Venezuela Warms to Dominican Republic

By JORGE RUEDA
The Associated Press
Monday, October 30, 2006; 11:38 PM

CARACAS, Venezuela -- Venezuela said Monday it might consider the Dominican Republic as a compromise candidate for a U.N. Security Council seat, after having deadlocked with U.S.-backed Guatemala in repeated votes for the spot.

Vice President Jose Vicente Rangel's conciliatory remarks came as Guatemala said it would also consider backing a third country as diplomats seek a solution to the impasse that has failed to produce a winner after 41 rounds of voting.

Rangel said that while Venezuela has offered close ally Bolivia as an alternative, it also is open to others.

"The name of the Dominican Republic" has emerged as an alternative, Rangel said, adding that it is "a friendly country that has constantly expressed friendship with Venezuela."

The Dominican Republic enjoys solid relations with both Caracas and Washington _ which Chavez has accused of using coercive measures to block Venezuela from winning Latin America's open council seat.

The Security Council is made up of 15 members. Five are permanent _ Russia, France, Britain, China and the U.S. _ while ten regional members rotate through two-year terms.

In Guatemala, Foreign Minister Gert Rosenthal said he was to meet with President Oscar Berger Monday to discuss the possibility of offering an alternative candidate.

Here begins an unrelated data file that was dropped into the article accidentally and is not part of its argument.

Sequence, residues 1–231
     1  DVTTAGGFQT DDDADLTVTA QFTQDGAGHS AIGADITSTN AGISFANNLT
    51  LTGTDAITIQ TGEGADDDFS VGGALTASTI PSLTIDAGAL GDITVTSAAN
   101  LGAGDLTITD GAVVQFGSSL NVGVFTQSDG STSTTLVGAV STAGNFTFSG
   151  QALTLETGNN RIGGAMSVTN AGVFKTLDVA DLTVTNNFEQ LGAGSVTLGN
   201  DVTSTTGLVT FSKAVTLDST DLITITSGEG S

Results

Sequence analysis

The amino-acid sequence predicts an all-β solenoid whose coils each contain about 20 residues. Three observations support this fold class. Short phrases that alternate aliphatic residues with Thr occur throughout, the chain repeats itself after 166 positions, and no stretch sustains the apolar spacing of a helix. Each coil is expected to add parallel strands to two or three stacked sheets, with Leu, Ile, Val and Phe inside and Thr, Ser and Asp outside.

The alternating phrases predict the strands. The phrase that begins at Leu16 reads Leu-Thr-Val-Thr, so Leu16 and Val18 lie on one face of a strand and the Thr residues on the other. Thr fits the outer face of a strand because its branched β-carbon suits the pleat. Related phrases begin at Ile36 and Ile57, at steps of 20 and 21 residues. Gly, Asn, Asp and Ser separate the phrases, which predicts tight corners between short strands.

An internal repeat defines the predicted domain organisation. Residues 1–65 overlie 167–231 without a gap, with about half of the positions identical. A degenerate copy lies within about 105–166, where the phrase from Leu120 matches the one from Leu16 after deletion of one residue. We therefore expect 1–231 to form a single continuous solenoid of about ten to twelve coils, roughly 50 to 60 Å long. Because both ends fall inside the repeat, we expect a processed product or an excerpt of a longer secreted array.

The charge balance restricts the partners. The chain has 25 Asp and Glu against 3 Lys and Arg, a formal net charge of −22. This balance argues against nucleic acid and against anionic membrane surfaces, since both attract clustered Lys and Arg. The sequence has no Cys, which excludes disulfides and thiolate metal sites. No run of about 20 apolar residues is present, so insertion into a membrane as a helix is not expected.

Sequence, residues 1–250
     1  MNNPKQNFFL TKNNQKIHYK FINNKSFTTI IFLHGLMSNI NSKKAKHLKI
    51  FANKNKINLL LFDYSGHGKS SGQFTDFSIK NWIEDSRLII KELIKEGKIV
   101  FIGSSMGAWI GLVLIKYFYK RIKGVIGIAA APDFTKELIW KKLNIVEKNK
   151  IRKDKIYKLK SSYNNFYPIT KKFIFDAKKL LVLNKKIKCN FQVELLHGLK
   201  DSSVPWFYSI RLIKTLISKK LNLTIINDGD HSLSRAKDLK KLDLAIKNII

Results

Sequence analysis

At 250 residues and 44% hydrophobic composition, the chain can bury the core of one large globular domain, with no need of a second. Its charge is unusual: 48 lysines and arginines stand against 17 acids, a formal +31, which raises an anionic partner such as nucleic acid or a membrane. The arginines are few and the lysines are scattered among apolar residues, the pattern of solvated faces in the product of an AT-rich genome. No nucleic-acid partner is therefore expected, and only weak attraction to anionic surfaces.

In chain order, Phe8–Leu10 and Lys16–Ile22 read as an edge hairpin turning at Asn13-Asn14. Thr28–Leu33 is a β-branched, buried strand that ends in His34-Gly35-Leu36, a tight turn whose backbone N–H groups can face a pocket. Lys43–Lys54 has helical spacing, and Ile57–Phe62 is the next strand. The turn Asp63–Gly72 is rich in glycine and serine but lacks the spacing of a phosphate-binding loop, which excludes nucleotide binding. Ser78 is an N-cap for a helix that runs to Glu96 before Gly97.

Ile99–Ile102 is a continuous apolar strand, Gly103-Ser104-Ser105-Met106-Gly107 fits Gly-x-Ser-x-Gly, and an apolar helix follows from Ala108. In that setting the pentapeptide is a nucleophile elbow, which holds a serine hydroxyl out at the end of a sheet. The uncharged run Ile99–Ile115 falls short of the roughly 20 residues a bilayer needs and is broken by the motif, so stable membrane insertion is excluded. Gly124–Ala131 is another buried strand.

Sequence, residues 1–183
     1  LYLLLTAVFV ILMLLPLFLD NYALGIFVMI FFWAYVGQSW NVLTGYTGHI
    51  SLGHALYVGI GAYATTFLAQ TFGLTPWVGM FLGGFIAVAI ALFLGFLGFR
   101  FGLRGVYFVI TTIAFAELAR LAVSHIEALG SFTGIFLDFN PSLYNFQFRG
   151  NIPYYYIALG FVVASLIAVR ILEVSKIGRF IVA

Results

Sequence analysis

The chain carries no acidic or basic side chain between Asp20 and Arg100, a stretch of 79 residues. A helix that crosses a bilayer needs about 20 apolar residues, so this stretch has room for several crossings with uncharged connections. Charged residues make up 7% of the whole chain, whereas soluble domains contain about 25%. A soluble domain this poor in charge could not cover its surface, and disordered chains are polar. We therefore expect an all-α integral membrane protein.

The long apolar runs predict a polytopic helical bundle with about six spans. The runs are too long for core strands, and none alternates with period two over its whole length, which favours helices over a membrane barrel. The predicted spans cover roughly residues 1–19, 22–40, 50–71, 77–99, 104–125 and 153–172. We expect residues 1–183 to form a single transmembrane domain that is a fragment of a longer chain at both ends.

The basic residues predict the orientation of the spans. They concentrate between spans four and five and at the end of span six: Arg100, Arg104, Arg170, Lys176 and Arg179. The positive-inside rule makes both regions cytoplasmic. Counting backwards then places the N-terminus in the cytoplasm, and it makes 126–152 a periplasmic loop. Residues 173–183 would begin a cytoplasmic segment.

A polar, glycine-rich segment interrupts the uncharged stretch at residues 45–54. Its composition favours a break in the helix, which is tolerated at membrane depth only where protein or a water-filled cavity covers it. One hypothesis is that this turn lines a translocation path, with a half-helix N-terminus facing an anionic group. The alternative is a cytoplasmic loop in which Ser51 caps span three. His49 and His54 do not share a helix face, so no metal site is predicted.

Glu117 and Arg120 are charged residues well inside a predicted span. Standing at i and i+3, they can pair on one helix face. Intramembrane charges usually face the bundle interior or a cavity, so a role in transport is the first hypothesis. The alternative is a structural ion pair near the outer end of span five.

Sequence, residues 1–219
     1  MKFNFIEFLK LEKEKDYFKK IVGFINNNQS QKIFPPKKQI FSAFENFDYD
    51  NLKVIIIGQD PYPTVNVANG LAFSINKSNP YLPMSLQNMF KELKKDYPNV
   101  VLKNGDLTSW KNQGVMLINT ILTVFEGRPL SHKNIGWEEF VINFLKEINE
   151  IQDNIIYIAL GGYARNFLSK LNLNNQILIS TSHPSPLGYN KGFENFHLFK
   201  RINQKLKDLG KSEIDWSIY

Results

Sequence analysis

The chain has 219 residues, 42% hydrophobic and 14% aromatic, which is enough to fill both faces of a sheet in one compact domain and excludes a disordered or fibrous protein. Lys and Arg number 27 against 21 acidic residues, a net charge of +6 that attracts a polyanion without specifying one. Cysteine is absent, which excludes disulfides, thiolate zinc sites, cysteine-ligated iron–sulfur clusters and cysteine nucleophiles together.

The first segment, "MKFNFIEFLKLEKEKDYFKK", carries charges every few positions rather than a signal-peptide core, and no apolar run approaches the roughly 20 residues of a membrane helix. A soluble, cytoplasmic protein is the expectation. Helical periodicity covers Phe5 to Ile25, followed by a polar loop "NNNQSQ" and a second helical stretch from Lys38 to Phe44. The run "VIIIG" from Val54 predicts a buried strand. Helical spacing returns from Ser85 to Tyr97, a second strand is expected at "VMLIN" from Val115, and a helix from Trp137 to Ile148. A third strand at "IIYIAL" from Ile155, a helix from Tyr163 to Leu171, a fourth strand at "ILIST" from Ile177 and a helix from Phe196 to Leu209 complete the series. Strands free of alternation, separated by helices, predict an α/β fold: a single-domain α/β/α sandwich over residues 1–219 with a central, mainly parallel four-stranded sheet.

"A third candidate is a possibility that we have resisted considering until today," Rosenthal told The Associated Press, without elaborating on which country Guatemala might back as an alternative.

Dominican President Leonel Fernandez said last week that Venezuelan Foreign Minister Nicolas Maduro called him proposing a Dominican candidacy and that U.S. Secretary of State Condoleezza Rice did not dismiss the idea during a subsequent meeting.

Guatemala has led Venezuela in all of the votes but one _ which they tied _ but increasingly it has appeared that neither country can muster the needed two-thirds support in the 192-nation U.N. General Assembly.

Voting was scheduled to resume Tuesday.

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Associated Press writers Juan Carlos Llorca in Guatemala City and Jonathan M. Katz, in Santo Domingo, Dominican Republic, contributed to this report.


© 2006 The Associated Press